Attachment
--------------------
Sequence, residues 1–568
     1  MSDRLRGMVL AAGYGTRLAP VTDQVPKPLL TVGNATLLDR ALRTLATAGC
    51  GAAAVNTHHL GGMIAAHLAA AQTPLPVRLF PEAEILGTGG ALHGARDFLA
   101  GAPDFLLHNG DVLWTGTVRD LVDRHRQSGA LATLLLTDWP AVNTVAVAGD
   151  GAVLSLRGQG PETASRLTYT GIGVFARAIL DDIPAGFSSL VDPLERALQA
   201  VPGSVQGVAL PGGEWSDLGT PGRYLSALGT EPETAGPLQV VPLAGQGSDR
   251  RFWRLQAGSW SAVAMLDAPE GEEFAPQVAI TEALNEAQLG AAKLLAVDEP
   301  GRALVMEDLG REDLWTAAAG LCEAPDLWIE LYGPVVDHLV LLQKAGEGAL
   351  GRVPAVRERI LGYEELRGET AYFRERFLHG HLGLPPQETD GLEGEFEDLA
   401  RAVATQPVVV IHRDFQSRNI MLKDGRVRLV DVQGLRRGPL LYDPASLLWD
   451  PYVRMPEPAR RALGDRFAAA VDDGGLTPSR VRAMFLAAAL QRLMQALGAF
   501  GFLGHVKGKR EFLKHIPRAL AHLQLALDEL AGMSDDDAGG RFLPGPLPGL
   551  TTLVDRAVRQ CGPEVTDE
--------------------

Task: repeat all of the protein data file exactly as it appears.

Sequence, residues 1–568
     1  MSDRLRGMVL AAGYGTRLAP VTDQVPKPLL TVGNATLLDR ALRTLATAGC
    51  GAAAVNTHHL GGMIAAHLAA AQTPLPVRLF PEAEILGTGG ALHGARDFLA
   101  GAPDFLLHNG DVLWTGTVRD LVDRHRQSGA LATLLLTDWP AVNTVAVAGD
   151  GAVLSLRGQG PETASRLTYT GIGVFARAIL DDIPAGFSSL VDPLERALQA
   201  VPGSVQGVAL PGGEWSDLGT PGRYLSALGT EPETAGPLQV VPLAGQGSDR
   251  RFWRLQAGSW SAVAMLDAPE GEEFAPQVAI TEALNEAQLG AAKLLAVDEP
   301  GRALVMEDLG REDLWTAAAG LCEAPDLWIE LYGPVVDHLV LLQKAGEGAL
   351  GRVPAVRERI LGYEELRGET AYFRERFLHG HLGLPPQETD GLEGEFEDLA
   401  RAVATQPVVV IHRDFQSRNI MLKDGRVRLV DVQGLRRGPL LYDPASLLWD
   451  PYVRMPEPAR RALGDRFAAA VDDGGLTPSR VRAMFLAAAL QRLMQALGAF
   501  GFLGHVKGKR EFLKHIPRAL AHLQLALDEL AGMSDDDAGG RFLPGPLPGL
   551  TTLVDRAVRQ CGPEVTDE